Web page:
• Also, how did they not challenge each other after insiting the picture showed a Cambodian Queen Elizabeth? Do they even listen to each other, or are they ear virgins, too?
  • Wacky brothers Sam and Dan tried to trick Flight Time or Big Easy by pretending they hadn’t found a clue. What strategy! What cunning! “They know where it’s at,” Flight Time or Big Easy said after the brothers lied to them. “They’re trying to act like they didn’t see it.” Acting and strategy FAIL.
  • Introducing the Roadblock, Phil explained that “one person must learn to be a monkey and quite literally go bananas.” Somewhere, Rachel Zoe died. Die.
  • Zev had trouble on his final monkey task, saying that he “kind of had a mini-panic attack there,” while Canaan said, “Ah, this is so frustrating.” Zev obviously doesn’t have experience walking on a balance beam while acting like a monkey, but I don’t understand why Canaan’s experience of being constantly frustrated didn’t help him out.
  • The visual image of the night came in the cab to the pit stop, when Zev said, “I make a good monkey face” and pulled out his ears. It was a fantastic monkey face.
  • During the Roadblock, Lance yelled at Keri, “Just get down and follow what he tells you to do.” Why do I think that’s not the first time he’s yelled that?
  • Just guess which person checked in by kicking the air, prompting Phil to say, “Oh, man, you’re scaring me now”?
  • Maria actually did something this week, but since she and Tiffany came in last place, told Phil, “I wish I could have been a better monkey for my teammate.” For the next leg, maybe just try being a teammate.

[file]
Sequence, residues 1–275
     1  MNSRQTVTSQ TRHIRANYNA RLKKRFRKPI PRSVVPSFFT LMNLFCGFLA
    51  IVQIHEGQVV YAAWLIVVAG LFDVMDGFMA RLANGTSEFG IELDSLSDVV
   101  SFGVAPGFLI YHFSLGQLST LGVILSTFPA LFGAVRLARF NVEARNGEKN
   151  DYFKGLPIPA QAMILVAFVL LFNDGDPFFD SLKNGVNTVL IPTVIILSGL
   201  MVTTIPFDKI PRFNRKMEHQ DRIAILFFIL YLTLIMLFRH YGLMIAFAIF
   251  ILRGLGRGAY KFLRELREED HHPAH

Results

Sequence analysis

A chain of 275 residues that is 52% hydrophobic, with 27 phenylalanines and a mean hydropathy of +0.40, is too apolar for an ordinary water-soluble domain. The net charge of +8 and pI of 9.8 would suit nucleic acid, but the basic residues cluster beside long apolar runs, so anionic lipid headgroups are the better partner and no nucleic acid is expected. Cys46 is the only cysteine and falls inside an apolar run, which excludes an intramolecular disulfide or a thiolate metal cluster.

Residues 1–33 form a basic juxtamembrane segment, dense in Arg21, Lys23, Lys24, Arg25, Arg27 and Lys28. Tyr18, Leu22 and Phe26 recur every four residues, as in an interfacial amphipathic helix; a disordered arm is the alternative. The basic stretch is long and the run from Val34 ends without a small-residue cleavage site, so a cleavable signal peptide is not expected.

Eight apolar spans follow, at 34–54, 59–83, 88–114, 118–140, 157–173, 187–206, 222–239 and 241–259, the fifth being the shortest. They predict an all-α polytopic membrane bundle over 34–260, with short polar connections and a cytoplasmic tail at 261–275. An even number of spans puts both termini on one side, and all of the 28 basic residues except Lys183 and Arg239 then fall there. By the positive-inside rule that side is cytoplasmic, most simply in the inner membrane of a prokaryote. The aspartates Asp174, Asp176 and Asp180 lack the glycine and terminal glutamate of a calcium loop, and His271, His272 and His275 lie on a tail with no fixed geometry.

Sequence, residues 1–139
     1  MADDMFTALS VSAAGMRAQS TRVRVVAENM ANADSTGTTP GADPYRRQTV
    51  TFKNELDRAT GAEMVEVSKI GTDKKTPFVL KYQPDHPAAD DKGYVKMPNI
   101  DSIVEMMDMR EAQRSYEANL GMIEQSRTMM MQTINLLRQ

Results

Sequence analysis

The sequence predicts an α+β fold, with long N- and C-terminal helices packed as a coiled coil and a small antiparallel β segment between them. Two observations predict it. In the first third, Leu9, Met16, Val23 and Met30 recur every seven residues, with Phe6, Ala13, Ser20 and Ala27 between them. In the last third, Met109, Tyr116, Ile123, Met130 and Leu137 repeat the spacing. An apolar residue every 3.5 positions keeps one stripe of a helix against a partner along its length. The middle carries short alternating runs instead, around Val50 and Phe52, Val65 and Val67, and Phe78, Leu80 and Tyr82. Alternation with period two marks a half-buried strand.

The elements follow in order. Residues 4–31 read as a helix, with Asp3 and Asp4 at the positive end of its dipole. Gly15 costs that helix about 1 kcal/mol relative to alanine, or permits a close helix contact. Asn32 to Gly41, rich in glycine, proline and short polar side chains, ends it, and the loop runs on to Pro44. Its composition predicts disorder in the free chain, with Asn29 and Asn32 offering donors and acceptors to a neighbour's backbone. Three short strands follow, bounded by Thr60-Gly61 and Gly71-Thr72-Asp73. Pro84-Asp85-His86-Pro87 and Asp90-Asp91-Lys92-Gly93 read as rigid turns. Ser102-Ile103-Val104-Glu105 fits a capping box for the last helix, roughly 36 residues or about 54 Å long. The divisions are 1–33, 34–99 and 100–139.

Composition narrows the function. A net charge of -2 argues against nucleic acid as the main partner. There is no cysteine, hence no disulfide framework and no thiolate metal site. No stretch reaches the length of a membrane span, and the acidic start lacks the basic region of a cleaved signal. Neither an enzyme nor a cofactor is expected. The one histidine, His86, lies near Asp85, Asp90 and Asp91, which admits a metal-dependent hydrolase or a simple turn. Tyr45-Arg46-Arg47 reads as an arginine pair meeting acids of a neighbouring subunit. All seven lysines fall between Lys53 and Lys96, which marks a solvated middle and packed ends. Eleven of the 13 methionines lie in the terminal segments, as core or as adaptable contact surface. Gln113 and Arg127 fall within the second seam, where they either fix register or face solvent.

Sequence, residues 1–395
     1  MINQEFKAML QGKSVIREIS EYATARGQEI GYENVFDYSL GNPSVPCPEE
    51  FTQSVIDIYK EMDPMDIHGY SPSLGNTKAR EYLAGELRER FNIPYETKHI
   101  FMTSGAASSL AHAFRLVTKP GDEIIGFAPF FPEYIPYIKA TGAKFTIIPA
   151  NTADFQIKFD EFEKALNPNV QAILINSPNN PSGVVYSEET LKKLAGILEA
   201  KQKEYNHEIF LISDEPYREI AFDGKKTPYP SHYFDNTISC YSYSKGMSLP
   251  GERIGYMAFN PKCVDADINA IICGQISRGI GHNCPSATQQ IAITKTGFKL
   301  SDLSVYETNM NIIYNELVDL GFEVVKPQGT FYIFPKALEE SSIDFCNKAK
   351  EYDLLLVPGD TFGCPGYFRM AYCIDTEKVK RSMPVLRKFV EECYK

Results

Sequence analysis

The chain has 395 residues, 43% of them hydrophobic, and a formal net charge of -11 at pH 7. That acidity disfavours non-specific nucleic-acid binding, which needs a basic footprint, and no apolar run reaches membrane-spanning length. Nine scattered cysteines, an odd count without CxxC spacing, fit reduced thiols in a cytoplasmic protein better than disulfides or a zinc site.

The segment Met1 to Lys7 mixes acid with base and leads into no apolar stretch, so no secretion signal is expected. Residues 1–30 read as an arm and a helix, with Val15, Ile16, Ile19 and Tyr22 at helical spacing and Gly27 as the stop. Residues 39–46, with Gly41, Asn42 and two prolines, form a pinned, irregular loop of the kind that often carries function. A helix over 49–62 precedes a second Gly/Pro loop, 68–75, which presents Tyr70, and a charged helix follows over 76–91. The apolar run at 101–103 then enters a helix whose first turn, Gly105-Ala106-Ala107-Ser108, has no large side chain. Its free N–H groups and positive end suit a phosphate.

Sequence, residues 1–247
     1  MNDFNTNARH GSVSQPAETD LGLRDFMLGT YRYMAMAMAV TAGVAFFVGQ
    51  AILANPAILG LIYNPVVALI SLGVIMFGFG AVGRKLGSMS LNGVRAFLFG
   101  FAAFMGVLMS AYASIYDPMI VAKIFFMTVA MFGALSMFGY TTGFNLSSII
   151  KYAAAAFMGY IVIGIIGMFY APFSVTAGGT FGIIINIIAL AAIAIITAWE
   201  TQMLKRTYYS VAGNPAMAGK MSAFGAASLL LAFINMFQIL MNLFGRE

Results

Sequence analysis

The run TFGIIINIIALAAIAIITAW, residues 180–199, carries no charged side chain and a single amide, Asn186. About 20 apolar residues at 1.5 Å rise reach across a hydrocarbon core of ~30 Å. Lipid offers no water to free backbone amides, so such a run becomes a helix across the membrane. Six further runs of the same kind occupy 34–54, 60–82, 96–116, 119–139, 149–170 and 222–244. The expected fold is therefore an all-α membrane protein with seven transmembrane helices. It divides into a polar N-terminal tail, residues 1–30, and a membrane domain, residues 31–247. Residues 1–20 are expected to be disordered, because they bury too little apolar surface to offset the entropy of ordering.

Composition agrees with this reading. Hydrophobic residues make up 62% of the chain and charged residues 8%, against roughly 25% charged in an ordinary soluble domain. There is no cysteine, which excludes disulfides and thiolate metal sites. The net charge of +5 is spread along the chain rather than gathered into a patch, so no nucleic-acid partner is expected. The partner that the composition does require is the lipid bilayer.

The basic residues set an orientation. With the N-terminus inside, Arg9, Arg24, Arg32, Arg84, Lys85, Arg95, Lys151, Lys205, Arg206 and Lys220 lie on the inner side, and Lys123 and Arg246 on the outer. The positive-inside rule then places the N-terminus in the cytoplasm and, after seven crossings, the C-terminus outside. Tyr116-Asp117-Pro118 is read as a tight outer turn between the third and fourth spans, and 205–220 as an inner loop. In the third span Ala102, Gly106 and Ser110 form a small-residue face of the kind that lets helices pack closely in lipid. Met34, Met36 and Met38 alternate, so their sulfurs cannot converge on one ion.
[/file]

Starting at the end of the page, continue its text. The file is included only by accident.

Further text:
• “Zev and Justin, you are team number one,” Phil said, and they celebrated having started at the bottom and ending up in first. Then came the moment the previews spoiled: “The ups and the downs: we go from last to first, and then we lose our passport,” Justin said, because Zev’s passport was missing. When Phil asked where it was, Zev said, “your guess is as good as mine.” Phil told them, “unless you find those documents, you’ll be out of the race.” They did not find it, even after calling their cab driver and retracing their steps, so they were eliminated. Zev called it “just a freak thing,” and the two talked about their obvious and close friendship, which was the single best thing about this season of The Amazing Race.

Review: Married at First Sight

Marriage At First Sight

In an era of Tinder and Grindr, instant acceptance or dismissal of a potential partner, or instant sex with another body, Married at First Sight offers the thrill of watching strangers deal with the very basics of relationships.

Beyond the headline-grabbing premise, the series has turned out to be a stripped-down, authentic exploration of something very interesting. Read the full review.

about the writer

Andy Dehnart is a journalist who has covered reality television for more than 15 years and created reality blurred in 2000. A member of the Television Critics Association, his writing and criticism about television, culture, and media has appeared on NPR and in Playboy, Buzzfeed, and many other publications. Andy, 36, also directs the journalism program at Stetson University in Florida, where he teaches creative nonfiction and journalism. He has an M.F.A. in nonfiction writing and literature from Bennington College. More about reality blurred and Andy.